Thoughts on Crass Commercialism
The Mt Abe PTO has asked me to take pictures at graduation,
so that parents can relax and enjoy the event, and at the same time have a
better quality photo of their graduate than they could get by jockeying for
position in the aisle with 140 other parents and taking their chances with a
cell phone camera. Having been to a few Mt Abe graduations and witnessed the
carnage in the aisles, I could immediately see the wisdom of such an
arrangement, and I readily agreed to do it, especially since several parents have
also approached me, apart from the PTO.
This left me with one small problem; how to compensate myself for the time and effort and equipment involved. The business model I have been using so far (giving all my photos away on Facebook) has a great many advantages: no bookkeeping, no taxes, no pesky money to collect… but it turns out Canon doesn't accept Facebook "Likes" as payment for their professional grade camera bodies! The PTO could pay me to do it, but I would much rather contribute to their coffers than drain them, and it seemed like a great opportunity to have a fundraiser that didn't involve anyone having to go door-to-door!
with members of the PTO some different possible arrangements, one of which involved
a flat fee of $10 paid to the PTO. I understand
that this was mentioned in a note sent home to parents. That idea had to be
scrapped however, as we realized it would be a nightmare to keep track of who paid, for
a photo of which graduate, etc. It seemed that a better approach would be to
set up a website where anyone could order prints, in whatever sizes or quantities
they wanted, or buy the digital files, and pay accordingly, with a portion of the proceeds from each
order going to the PTO.
Toward that end, I have established a SmugMug Pro Gallery (BuzzKuhnsPhotography.SmugMug.com) where people will be able to view photos of graduation as well as other recent events, and order prints if they so choose.
It is with some trepidation that I venture down this "commercial" path. I want very much to avoid anyone ever feeling that I'm "trying to make a buck off their kids," or that I'm just taking pictures in order to make money. It's really exactly the other way around; I need to start making some money in order to keep taking pictures. I would be afraid to even calculate the number of hours a week that I spend shooting, editing, and posting photos of school and community events, but there are many weeks when it is no exaggeration to say it is a full-time job.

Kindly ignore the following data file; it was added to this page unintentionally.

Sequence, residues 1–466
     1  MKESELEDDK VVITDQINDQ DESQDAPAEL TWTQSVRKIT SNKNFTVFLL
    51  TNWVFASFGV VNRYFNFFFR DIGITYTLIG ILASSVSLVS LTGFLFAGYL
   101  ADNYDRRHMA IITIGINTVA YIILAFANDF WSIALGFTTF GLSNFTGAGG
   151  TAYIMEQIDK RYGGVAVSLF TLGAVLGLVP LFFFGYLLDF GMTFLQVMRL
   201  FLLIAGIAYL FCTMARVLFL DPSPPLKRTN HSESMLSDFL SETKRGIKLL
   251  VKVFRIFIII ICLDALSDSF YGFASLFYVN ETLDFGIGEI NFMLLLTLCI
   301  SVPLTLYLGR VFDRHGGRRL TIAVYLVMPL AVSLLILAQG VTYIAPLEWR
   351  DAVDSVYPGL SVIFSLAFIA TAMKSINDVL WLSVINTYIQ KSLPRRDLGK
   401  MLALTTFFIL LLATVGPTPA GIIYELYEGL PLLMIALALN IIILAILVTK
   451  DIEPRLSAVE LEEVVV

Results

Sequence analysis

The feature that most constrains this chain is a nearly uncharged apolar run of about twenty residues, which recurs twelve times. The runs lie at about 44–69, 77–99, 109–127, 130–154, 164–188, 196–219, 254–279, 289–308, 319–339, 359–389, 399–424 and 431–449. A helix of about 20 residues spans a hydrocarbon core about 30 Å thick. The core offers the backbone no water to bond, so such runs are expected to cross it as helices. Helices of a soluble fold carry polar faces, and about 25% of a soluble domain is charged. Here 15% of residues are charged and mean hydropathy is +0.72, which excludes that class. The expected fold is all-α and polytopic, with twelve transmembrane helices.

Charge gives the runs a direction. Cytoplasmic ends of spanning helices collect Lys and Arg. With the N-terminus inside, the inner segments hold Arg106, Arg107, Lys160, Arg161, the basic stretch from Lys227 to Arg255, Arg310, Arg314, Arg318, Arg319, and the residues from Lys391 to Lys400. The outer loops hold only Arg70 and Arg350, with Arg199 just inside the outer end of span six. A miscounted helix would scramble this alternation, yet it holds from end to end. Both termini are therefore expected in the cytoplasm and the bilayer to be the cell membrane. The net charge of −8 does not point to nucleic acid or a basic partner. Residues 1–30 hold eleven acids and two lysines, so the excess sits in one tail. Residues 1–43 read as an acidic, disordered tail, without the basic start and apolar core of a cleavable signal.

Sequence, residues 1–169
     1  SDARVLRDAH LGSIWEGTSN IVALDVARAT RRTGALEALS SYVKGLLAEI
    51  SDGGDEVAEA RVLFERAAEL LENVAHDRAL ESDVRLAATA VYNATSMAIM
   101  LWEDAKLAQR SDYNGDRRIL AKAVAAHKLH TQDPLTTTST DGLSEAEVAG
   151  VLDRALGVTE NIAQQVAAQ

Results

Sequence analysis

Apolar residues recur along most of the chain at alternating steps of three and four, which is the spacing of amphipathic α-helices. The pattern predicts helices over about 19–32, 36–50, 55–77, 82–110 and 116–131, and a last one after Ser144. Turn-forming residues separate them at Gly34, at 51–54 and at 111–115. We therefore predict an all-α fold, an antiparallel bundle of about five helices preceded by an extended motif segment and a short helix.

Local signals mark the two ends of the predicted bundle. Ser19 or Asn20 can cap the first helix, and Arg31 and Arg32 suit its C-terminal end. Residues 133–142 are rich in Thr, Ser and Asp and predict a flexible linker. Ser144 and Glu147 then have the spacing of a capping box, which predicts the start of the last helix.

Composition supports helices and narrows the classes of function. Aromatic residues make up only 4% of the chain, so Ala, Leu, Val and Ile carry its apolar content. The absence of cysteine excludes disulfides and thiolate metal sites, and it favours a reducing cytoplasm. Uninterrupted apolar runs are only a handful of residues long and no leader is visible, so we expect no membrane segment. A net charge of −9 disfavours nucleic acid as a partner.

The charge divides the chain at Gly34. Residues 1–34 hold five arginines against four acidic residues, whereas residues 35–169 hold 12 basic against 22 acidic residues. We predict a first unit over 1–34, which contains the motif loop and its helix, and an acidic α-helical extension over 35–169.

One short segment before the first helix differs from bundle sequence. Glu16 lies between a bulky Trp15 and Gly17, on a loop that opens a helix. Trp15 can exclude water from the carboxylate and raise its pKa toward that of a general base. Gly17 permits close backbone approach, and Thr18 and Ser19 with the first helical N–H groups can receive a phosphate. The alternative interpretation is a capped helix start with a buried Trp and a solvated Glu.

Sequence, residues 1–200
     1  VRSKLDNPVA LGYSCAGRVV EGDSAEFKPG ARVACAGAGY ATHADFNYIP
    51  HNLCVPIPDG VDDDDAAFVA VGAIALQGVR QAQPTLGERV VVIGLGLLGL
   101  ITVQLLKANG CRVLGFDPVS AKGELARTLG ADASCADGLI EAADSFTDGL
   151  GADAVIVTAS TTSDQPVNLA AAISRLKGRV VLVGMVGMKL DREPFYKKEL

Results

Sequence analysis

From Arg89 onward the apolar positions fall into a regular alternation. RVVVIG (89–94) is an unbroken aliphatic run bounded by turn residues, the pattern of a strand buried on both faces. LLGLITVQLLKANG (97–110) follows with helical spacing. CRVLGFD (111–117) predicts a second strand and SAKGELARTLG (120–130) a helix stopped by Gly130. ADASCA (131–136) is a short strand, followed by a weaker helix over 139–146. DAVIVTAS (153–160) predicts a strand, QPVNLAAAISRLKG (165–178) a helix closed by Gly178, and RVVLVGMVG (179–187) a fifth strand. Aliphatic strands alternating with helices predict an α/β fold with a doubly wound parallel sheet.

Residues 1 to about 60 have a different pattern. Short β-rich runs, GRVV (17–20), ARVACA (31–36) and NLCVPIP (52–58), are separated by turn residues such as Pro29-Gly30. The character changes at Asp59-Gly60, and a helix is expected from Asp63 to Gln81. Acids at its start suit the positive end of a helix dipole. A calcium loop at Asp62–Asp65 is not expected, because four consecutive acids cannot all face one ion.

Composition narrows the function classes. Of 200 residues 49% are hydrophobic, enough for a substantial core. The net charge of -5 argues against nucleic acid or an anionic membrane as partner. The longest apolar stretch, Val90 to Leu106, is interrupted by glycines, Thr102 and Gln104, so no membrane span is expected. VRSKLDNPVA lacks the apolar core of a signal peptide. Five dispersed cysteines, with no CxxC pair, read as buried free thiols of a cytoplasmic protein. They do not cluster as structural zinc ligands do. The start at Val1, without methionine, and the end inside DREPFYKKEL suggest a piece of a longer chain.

And I would love to cover additional events; things that don't directly involve my own kids, but I can't justify spending even more time on something that contributes nothing to our family finances, and is in fact a direct drain on them. I have to have professional equipment to shoot weddings and other paying work, but of course I use that same gear to shoot all the free stuff, and as I am painfully aware recently, it does wear out. I can't really ask newlyweds to pay extra so I can keep posting school pictures to Facebook!
A friend recently suggested that I put a jar out when I'm shooting an event so people could make donations to support my photography, and I like the concept, but I don't think I could bring myself to do it… I'm afraid it would feel too much like panhandling. It got me thinking, though, about what my ideal arrangement would be, and whether there might be some outside-the-box way of making it a reality. Maybe something along the lines of community supported agriculture; "Community Supported Photography!" I guess what I want is for people to think of me as their own personal roving photographer, capturing moments in their loved-ones' lives. I want to keep giving away my work, so that money doesn't taint that relationship, while at the same time allowing people in the community to support my work in a tangible way, if they feel inspired to do so.
In the midst of struggling with all this, it occurred to me that in my dream world, I would have a "Patron of the Arts" who supports me so I can just do my photography without worrying about money. Then I realized that is precisely what I have had for the past several years, in the form of my ever-patient and forgiving wife. And she would probably continue to be my patron for some number of years more, because that's just the way she rolls, but I don't want to continue to abuse her generosity if I can help it!
So I will give the SmugMug plan a try, and "crowd-source" among my Facebook community (that's you!) for other creative ideas of ways to make this venture sustainable. In the meantime, if you enjoy seeing my photos of school concerts, sports, plays, and other events on Facebook and in the Mt Abe yearbook, please consider taking the time to thank the very generous sponsor who has made it possible for all these years, my lovely wife Carroll Maxwell.
I appreciate your taking the time to read this lengthy introspection.